From the outside, it looks like an ordinary, decrepit third-world high school.
Inside, the ghastly views begin. First is the glass case full of skulls.
Many have holes, cracks and slices, indicating trauma.
Prison administrators carefully documented their work, including photographs of prisoners before and after torture.
Paintings by a former prisoner (one of six known survivors.)
A torture bed and leg irons.
Security Regulations for prisoners.
Shell-shocked museum visitors.
I also visited Cheung Ek Genocidal Center, situated 15 kilometers south-west of Phnom Penh and made famous by the film "The Killing Fields." It is estimated that around 17,000 prisoners from S-21 Prison were transported here and killed. They were often bludgeoned to death to avoid wasting precious bullets.
In 1980, the remains of 8985 people were exhumed at this site. However, there remain many untouched graves.
This is just one of many "killing fields" around Cambodia, most of which have not been exhumed and remain as silent cemeteries of this historic nightmare.
In the center of the site is an eerie 17-story concrete-and-glass stupa which houses 8000 exhumed skulls.
Remains of rotten clothing dug up with the bones.
Our guide showed us a tree that she said was used by Khmer Rouge executioners; holding infants by the feet, they smashed their heads against the trunk of the tree, thus saving bullets.
Hopefully the children of today's Cambodia will never know such horrors.
Tuol Sleng Genocide Museum
Street 113, Boeng Keng Kang 3
Chankar Mora, Phnomh Penh, Cambodia
Tel: (855) 23-300-698
Hours: Daily 8am -11:30am & 2pm-5:30pm.
Choeung Ek Genocidal Center
15 km southwest of Phnom Penh
Hours: Daily except Monday from 8.30am to 4.30pm.
What's the distance from Tuol Sleng in Cambodia, to Abu Ghraib Prison in Baghdad? The Internet says the distance is 4077 miles (6562 km), but is it really so far? Put humans (Khmer Rouge or American soldiers) in a prison with absolute control over other people's bodies and lives (Cambodians or Iraqis), and horrible things are bound to happen.
Australian investigative journalist John Pilger has written extensively about Cambodia. In The Long Secret Alliance he documents how the United States Government provided key support to the Khmer Rouge. Excerpts:
The U.S. not only helped to create conditions that brought Cambodia's Khmer Rouge to power in 1975, but actively supported the genocidal force, politically and financially. By January 1980, the US was secretly funding Pol Pot's exiled forces on the Thai border. The extent of this support -- $85 million from 1980-86 -- was revealed 6 years later in correspondence between congressional lawyer Jonathan Winer, then counsel to Sen. John Kerry (D-MA) of the Senate Foreign Relations Committee and the Vietnam Veterans of America Foundation.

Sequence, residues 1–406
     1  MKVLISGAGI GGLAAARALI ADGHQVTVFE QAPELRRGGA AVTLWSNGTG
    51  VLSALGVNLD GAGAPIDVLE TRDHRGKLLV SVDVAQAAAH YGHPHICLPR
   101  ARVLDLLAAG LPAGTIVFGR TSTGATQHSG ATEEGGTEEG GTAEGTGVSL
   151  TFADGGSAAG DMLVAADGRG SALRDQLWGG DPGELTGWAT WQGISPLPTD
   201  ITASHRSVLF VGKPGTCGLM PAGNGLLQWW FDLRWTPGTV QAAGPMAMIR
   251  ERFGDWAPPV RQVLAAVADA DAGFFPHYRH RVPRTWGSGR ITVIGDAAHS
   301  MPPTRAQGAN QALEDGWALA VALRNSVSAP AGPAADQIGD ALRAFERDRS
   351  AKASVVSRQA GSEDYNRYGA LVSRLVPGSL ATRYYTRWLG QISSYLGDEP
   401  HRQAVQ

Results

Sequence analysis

In 1981, President Carter's national security adviser Zbigniew Brzezinski, said, "I encouraged the Chinese to support Pol Pot. The U.S.", he added, "winked publicly" as China sent arms to the Khmer Rouge (KR) through Thailand.
In 1980, under US pressure, the World Food Program handed over food worth $12 million to the Thai Army to pass on to the KR. According to former Assistant Secretary of State Richard Holbrooke, "20,000 to 40,000 Pol Pot guerrillas benefited. This aid helped restore the KR to a fighting force, based in Thailand, from which it destabilized Cambodia for more than a decade."
In 1982, the U.S. and China, supported by Singapore, invented the Coalition of the Democratic Government of Kampuchea, which was, as Ben Kiernan pointed out, neither a coalition, nor democratic, nor a government, not in Kampuchea. Rather, it was what the CIA calls a "master illusion." ... Cambodia's former ruler, Prince Norodom Sihanouk, was appointed its head; otherwise little changed. The KR dominated the two "non-communist" members, the Sihanoukists and the Khmer Peoples' National Liberation Front (KPNLF). From his office at the UN, Pol Pot's ambassador, the urbane Thereon Parish, continued to speak for Cambodia. A close associate of Pol Pot, he had in 1975 called on Khmer expatriates to return home, whereupon many of them disappeared.
The Killing Fields by Roland Joffe
When The War Was Over, by Elizabeth Becker
History of Cambodia, by David Chandler
Brother Number One - A Political Biography of Pol Pot, by David Chandler
Voices from S-21, by David Chandler
The Killing Fields, by Christopher Hudson
Cambodia: Report from a troubled Land, by Henry Kamm
The Pol Pot Regime, by Ben Kiernan
Cambodia: 1975-1982, by Michael Vickery
Main page of Chris In Cambodia